Dr Syed N. Asad, MD, FACP served as a vice-president and a treasurer on the executive board of IMANA (Islamic Medical Association of North America) and  a physician at Senior Friendship Health Centre, Naples, Florida. He graduated from high school in Hyderabad, India, with high honours; attended Osmania University Medical School; and completed his medical training in the United States. He taught medicine and nephrology at a New York state university for nearly twenty years before opening an independent practice.


The Importance of Zikr

By S. Arshad, New Age Islam
15 June 2018
The remembrance and utterance of the name of the Creator of the Universe is prescribed in all the religions of the world. The Psalms, the Torah, the Bible and the oldest scriptures of the world --- the Vedas – sing hosanna to the Divine Creator. The tradition of uttering the name of God is also found in other religions like Manichaeism which was in vogue in Iran in the ancient times. The prophet of Manichaeism was Mani. Many modern folk religions like Sikhism, Nath Panth, Kabir Panth and Vaishnavism etc give importance to remembrance of God, rather remembrance and utterance of the name of God forms the basic practice of these religions. In these religions, remembrance alone is considered the means of salvation. Therefore, remembrance of God is the true means of attaining union with God.
The Quran attachment so much importance to Zikr that it appears that Zikr or remembrance is also a fundamental pillar of Islam though Zikr is not mentioned as one of the five pillar of Islam. Any time for remembrance is also not prescribed as is done in the case of Namaz or prayers. However, the importance of Zikr can be gauged in some verses of the Quran.
“O ye who believe! Celebrate the praises of Allah, and do this often; And glorify Him morning and evening. “(Al Ahzab: 41-42)
This universe is the creation of God and the entire universe sings His praise all the time, whether it be the mountains, plants or birds or insects. They all praise God and prostrates before Him in their own way and human beings do not understand their prayers.
“The seven heavens and the earth, and all beings therein, declare His glory: there is not a thing but celebrates His praise; And yet ye understand not how they declare His glory! Verily He is Oft-Forbear, Most Forgiving! “(Bani Israel: 44)
Mountains and birds used to praise God along with Prophet David. Another verse of the Quran says that everything on earth praises God in its own way.
“Seest thou not that it is Allah Whose praises all beings in the heavens and on earth do celebrate, and the birds (of the air) with wings outspread? Each one knows its own (mode of) prayer and praise. And Allah knows well all that they do. “(Al Nur: 41)
Since God has created this universe and He is the Absolute Authority, He deservedly wishes that the entire universe should sing hosanna to Him and acknowledge His greatness and His blessings and bounties showered on man and all the beings on earth and in the heavens.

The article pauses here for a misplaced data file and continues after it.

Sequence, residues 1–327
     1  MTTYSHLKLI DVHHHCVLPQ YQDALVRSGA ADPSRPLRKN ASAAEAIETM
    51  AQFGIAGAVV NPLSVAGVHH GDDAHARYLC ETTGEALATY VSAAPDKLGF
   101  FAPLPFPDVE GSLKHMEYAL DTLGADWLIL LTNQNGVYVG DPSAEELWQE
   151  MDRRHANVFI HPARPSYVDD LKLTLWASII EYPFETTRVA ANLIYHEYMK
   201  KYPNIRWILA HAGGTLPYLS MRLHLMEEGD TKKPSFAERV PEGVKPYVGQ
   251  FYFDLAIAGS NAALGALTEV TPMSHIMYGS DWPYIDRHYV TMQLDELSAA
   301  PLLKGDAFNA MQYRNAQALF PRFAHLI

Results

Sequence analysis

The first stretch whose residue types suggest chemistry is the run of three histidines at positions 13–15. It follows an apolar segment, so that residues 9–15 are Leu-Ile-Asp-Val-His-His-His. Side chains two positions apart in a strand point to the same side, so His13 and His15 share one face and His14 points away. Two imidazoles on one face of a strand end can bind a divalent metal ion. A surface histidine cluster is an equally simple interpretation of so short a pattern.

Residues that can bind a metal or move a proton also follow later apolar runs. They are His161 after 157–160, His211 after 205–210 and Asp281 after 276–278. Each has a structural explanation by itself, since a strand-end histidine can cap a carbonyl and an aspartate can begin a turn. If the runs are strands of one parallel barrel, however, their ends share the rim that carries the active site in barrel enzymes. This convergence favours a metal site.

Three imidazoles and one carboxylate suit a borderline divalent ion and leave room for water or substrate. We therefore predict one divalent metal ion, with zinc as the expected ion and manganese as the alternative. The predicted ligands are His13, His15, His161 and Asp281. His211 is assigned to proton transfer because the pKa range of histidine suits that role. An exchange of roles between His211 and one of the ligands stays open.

One gift of remembrance is that it clears man’s heart of the mischief of Satan and man’s conscience is purified. A pure heart free of satanic mischief leads man to live a pious life full of purpose and spirit of humanity. God’s remembrance also saves man from egotism, self-conceit and arrogance which are a hindrance in his union with God. That is the reason, Sufis and saints found solace in Zikr (remembrance) and mysticism or Sufism became synonymous with Zikr. Zikr is the quintessential part of Sufism or mysticism. Zikr is done in two ways--- aloud and silently. In Arabic, they are called Zikr-e-Khafi and Zikr-e-Jali. In Sanskrit they are called Jap and Samadhi.
According to intensity and depth, Zikr also named according to the degree of absorption and intensity. The highest degree of Zikr is called Sultan ul Azkar in which the whole body sings praise to God all the times, even during sleep. The heart always remains aware of the existence of God and such a person becomes very soft hearted. A verse in the Quran hints at this kind of Zikr:
“Allah has revealed (from time to time) the most beautiful Message in the form of a Book, consistent with itself, (yet) repeating (its teaching in various aspects): the skins of those who fear their Lord tremble thereat; then their skins and their hearts do soften to the celebration of Allah's praises. “(Al Zumar: 23)
The following verse also enjoins on man to sing God’s praise abundantly:
“Ye have indeed in the Messenger of Allah a beautiful pattern (of conduct) for any one whose hope is in Allah and the Final Day, and who engages much in the Praise of Allah. “(Al Ahzab: 21)
The Sufis found justification for Sufism in the following verse:
“But keep in remembrance the name of thy Lord and devote thyself to Him whole-heartedly.”(Al Muzammil:8)
Islam does not approve of life of celibacy but at the same time it prevents Muslims from being attached to the material life on earth. Leaving everything and coming towards God means preferring the remembrance of God and holding on to the laws of Shariah fast so as not to get swayed by earthly desires. The Sufis adopted the practice of service to the mankind and loving remembrance of God.
One gift of remembrance of God is also that it makes the heart soft and pure which accepts the enjoinments of God with delight and so man fears God and does not disobey His injunctions. He is free of earthly desires.

Is Violence the Only Way Out क्या हिंसा ही अंतिम रास्ता है?

मुश्ताकुल हक़ अहमद सिकंदर, न्यू एज इस्लाम
8 मई 2018